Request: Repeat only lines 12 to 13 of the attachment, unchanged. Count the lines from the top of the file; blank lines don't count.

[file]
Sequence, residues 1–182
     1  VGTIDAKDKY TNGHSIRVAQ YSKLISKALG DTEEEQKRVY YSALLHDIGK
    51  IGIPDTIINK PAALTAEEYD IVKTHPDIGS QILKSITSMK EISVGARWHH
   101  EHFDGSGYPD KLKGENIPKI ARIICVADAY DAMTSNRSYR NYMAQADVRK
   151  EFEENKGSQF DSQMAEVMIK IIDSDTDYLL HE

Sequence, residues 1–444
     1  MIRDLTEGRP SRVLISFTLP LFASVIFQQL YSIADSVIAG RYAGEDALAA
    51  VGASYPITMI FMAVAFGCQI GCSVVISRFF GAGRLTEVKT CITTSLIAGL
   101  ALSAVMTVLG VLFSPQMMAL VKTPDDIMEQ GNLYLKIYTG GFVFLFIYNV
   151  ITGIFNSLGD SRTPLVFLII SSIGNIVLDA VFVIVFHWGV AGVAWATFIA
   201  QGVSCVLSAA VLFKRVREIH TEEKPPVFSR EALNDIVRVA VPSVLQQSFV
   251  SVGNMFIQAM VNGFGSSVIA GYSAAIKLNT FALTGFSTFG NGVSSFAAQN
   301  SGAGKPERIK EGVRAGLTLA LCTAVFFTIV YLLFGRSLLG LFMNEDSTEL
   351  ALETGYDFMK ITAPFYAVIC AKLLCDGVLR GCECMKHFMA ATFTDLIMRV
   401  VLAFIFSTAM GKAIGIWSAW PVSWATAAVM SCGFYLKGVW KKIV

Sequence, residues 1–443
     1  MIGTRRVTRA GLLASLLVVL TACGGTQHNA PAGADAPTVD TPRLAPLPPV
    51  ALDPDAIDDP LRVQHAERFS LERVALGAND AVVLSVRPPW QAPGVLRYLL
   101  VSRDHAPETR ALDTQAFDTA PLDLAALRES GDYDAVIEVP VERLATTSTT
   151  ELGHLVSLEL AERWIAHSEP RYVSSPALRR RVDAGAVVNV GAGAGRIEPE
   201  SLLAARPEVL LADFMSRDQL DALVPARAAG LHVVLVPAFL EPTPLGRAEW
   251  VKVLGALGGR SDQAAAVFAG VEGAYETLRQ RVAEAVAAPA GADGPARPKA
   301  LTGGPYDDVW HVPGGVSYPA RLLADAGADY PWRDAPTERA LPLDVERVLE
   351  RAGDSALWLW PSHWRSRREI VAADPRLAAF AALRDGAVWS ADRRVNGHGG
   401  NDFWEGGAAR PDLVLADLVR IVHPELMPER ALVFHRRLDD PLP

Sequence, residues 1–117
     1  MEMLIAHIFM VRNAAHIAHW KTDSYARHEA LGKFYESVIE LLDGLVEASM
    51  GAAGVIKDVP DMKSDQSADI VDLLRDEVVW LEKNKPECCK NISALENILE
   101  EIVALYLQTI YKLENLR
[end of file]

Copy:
   251  SVGNMFIQAM VNGFGSSVIA GYSAAIKLNT FALTGFSTFG NGVSSFAAQN
   301  SGAGKPERIK EGVRAGLTLA LCTAVFFTIV YLLFGRSLLG LFMNEDSTEL